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How Chicago's pandemic recovery compares to other cities?

Chicago cellphone activity signals downtown's slow recovery

By Alice Feng, Monica Eng, Alex Fitzpatrick, Axios News

Chicago's downtown activity has returned to 57% of its pre-pandemic rates, according to anonymized mobile device data analyzed by University of Toronto researchers.

Why it matters: Even as the pandemic ebbs, remote and hybrid work remain strong in many big cities like Chicago, dealing a blow to commercial real estate owners, as well as to downtown restaurants, bars and shops that rely on commuters.

Zoom in: Chicago's figures are mostly in line with the slow rebound in office foot traffic tracked by real estate data firm late last year.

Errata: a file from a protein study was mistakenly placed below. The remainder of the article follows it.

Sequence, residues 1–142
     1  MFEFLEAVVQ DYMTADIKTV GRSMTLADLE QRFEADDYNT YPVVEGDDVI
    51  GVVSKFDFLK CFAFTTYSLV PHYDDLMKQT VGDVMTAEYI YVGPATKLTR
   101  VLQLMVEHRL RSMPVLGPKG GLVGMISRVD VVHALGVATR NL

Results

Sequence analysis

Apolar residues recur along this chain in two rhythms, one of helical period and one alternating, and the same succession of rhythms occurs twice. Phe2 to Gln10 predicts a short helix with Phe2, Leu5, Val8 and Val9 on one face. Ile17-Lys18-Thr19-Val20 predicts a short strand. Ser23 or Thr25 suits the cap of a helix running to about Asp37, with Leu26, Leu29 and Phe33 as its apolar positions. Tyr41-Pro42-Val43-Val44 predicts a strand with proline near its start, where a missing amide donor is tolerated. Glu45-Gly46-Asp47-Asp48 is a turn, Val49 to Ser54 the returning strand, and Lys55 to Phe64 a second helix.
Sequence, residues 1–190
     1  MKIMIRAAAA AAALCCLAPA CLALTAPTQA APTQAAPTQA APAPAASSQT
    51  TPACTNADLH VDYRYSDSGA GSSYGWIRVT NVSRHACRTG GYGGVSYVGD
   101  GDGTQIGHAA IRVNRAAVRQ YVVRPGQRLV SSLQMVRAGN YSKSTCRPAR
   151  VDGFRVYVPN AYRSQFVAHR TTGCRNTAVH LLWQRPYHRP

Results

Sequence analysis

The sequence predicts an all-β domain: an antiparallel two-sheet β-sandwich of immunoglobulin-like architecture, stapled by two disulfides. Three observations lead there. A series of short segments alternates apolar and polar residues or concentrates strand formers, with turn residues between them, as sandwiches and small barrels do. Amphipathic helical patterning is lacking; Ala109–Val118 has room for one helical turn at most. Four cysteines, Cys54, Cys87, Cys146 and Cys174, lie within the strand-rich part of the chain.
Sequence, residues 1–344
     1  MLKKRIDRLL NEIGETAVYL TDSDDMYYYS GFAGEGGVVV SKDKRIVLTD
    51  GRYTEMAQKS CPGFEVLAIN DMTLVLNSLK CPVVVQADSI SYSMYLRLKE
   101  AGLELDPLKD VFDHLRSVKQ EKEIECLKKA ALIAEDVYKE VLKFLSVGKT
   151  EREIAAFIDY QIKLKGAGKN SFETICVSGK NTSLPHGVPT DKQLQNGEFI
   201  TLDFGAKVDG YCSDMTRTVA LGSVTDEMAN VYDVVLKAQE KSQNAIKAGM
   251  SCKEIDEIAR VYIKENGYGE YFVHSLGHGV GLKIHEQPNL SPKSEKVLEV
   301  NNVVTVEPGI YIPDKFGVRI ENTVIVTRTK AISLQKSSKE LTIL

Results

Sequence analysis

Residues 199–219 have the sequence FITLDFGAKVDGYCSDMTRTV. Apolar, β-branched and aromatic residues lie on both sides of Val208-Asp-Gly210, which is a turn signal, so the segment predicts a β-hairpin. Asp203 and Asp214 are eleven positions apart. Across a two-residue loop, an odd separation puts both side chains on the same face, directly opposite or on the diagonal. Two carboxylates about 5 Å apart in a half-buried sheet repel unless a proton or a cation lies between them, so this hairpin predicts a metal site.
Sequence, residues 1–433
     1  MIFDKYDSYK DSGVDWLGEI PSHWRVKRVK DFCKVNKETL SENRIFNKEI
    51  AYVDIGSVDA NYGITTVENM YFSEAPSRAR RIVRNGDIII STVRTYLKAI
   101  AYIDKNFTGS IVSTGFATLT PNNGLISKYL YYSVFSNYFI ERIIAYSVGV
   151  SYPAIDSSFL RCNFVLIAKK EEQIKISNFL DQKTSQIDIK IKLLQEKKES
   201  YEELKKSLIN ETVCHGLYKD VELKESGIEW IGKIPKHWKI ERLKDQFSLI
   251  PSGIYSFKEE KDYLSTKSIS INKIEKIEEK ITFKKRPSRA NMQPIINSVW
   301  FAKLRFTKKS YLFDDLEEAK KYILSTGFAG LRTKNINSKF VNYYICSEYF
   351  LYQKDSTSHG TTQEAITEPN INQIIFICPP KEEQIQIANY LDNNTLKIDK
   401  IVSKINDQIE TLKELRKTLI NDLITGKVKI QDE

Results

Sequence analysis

The reduced foot traffic means a loss of about $2,387 in downtown spending per employee per year, according to a February report from University of Chicago researchers and others.

The big picture: Downtown activity has returned to — or even exceeded — pre-pandemic rates in a handful of U.S. cities, as of February 2023. These include:

Salt Lake City; Bakersfield and Fresno, California; and Columbus, Ohio.

Meanwhile: San Francisco, St. Louis, and Portland, Oregon, have seen a return, based on mobile device use, of less than 40%.

Between the lines: San Francisco's sluggish recovery is driven in part by its heavy concentration of tech workers — many of whom decamped elsewhere amid the pandemic — as well as a shortage of affordable housing.

In New York City, meanwhile, mobile use is back to 75% of pre-pandemic downtown activity, per the latest data.

How it works: The researchers essentially treated smartphones and other mobile devices as a proxy for their owners — if a device pings a nearby cell tower, it's a good bet that's where the device's owner is.

Of note: For this analysis, "downtown" is defined as the area of a given city with the highest employment density.

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